Viewpoint: Consider the Immigration Effects of M&As

By James Aldrich April 26, 2023

​There are myriad issues created during corporate mergers and acquisitions (M&As), and many affect foreign national staff's legal presence and ability to work in the United States.

Most employment-based nonimmigrant visas (NIVs)—unlike permanent green cards—limit the foreign national to working only for the company that obtained authorization to employ the person. Four of the most common NIVs are the H-1B, L-1, TN and E-2.

H-1B Visas

H-1B visas are used to employ professional-level foreign nationals in specialty occupations—such as accountants, computer systems analysts, engineers, scientists and teachers—in the United States.

L-1 Intracompany Transfer Visas

The L visa category is used to transfer foreign employees of qualifying organizations to the United States to continue employment with a parent, branch, subsidiary or affiliate of their foreign employer in a managerial, executive or specialized knowledge capacity. An example would be a U.S.-based company's France branch transferring someone in this capacity to the U.S.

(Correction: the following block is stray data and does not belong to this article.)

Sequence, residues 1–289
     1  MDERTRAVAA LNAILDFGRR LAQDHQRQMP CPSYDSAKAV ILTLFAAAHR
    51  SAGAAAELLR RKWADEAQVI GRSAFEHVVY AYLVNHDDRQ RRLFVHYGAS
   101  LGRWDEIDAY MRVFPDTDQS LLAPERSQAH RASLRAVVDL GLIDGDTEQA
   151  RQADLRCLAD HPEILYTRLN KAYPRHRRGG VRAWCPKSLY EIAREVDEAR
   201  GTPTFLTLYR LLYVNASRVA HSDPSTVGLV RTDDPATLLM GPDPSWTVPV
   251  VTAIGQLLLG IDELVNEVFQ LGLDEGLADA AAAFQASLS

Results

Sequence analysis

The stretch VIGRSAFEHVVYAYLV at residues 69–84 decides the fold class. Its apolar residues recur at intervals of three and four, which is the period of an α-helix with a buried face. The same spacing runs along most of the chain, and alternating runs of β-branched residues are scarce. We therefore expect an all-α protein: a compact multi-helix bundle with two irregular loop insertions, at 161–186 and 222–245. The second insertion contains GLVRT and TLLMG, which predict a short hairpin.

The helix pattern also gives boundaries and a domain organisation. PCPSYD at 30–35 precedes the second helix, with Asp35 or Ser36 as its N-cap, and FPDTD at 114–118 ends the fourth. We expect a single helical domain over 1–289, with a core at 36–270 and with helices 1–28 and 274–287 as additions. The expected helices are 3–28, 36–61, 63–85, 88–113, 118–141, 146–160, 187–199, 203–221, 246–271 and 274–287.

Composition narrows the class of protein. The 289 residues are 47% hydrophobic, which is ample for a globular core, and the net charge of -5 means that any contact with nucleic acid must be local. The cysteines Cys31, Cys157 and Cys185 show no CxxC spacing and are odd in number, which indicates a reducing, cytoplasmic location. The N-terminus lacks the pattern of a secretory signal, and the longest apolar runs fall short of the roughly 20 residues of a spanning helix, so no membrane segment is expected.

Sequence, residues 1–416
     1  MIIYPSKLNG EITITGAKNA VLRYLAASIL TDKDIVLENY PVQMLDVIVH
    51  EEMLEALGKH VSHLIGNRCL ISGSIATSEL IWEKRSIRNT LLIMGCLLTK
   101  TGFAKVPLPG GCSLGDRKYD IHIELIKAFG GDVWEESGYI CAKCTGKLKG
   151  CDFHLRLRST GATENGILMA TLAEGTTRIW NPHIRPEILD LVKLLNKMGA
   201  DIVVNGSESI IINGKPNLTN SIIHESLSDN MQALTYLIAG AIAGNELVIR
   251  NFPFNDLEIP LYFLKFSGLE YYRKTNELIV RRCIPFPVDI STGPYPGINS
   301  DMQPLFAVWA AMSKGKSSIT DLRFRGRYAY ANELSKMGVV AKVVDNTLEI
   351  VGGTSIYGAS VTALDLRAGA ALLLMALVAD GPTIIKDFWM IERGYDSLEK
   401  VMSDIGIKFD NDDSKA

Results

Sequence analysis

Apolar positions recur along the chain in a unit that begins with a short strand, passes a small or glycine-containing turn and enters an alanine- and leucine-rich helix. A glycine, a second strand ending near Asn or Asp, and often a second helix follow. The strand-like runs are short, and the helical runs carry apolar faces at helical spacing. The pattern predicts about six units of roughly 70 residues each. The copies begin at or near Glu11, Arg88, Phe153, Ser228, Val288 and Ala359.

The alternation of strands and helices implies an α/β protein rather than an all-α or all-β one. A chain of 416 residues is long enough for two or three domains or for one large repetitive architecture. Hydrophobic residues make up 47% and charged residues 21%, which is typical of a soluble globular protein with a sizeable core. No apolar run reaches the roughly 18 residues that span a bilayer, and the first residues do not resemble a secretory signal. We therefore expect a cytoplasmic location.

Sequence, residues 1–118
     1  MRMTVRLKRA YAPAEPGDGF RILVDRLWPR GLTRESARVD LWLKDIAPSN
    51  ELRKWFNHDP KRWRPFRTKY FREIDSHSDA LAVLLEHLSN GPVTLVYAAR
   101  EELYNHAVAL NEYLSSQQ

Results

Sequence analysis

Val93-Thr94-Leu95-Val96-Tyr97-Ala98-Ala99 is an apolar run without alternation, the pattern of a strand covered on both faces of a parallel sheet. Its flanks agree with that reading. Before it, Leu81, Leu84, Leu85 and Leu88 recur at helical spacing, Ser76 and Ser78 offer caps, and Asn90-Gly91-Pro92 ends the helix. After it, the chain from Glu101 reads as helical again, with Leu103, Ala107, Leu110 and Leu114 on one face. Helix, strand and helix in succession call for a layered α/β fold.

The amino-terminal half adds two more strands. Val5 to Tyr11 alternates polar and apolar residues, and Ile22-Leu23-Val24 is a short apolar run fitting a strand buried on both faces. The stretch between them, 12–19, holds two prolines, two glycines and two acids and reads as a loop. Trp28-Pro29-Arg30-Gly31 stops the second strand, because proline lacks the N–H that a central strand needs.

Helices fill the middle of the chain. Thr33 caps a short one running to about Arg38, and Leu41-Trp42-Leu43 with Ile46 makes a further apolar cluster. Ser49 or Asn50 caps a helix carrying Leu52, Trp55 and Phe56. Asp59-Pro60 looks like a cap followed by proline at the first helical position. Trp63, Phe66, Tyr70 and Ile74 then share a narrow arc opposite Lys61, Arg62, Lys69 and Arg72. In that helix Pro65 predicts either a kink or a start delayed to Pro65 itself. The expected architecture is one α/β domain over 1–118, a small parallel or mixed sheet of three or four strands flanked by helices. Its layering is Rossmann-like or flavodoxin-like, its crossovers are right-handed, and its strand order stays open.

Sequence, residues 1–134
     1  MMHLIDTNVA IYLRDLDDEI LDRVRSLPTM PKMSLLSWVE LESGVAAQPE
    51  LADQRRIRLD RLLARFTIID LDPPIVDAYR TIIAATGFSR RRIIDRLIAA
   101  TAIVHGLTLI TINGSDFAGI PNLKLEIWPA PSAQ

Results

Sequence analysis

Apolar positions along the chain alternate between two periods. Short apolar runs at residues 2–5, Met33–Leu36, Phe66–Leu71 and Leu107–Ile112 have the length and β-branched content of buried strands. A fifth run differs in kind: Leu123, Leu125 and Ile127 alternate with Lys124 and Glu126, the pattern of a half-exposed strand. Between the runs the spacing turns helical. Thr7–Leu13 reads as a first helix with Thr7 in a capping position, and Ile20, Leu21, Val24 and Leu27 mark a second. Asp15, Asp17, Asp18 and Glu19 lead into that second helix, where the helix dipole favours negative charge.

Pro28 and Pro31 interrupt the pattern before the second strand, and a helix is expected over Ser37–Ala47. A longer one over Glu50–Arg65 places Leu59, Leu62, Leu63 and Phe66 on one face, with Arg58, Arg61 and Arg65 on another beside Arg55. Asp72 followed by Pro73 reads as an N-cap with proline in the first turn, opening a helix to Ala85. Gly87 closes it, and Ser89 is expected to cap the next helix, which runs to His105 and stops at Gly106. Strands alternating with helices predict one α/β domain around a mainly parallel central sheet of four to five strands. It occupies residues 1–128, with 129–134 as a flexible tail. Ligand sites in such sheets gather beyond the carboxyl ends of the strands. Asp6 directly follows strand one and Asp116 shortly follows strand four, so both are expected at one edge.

TN Visas

Citizens of Mexico and Canada are eligible to work in specific professional-level occupations in the U.S. under the provisions of the United States-Mexico-Canada Agreement (USMCA). The list of professions specifically qualifying for TN visa status includes biologists, chemists and engineers.

E-2 Visas

E-2 visas are used to employ individuals who have the same nationality as the company employing them in the U.S. in either management or essential skills positions. Think a Japan-based company's U.S. branch employing Japanese nationals for these jobs.

Workers in these visa categories can be affected differently in the event of a corporate transaction.

In general, if a foreign national is employed through an NIV and the employer changes by way of an M&A or corporate restructuring, the new employer must obtain approval of a petition to the U.S. Citizenship and Immigration Services (USCIS) before the person is authorized to work for that company. If the person's legal presence is tied to that employment and the employment ends, the person is at risk of falling out of lawful status in the United States.

Retention of H-1B Status Following Corporate Restructuring

Filing a new H-1B petition is generally not required during a corporate restructuring when the acquiring company is a successor-in-interest. However, this does not apply to an asset purchase or other transaction that does not involve a merger, acquisition, consolidation or spin-off.

When an employer undergoes a change in corporate structure, that successor employer must maintain a public inspection file containing the following:

  • Each affected labor condition application (LCA) number and its date of certification.
  • A description of the new employing entity's actual wage system applicable to H‑1B workers who become employees of the new employing entity.
  • The Federal Employer Identification Number of the new employer.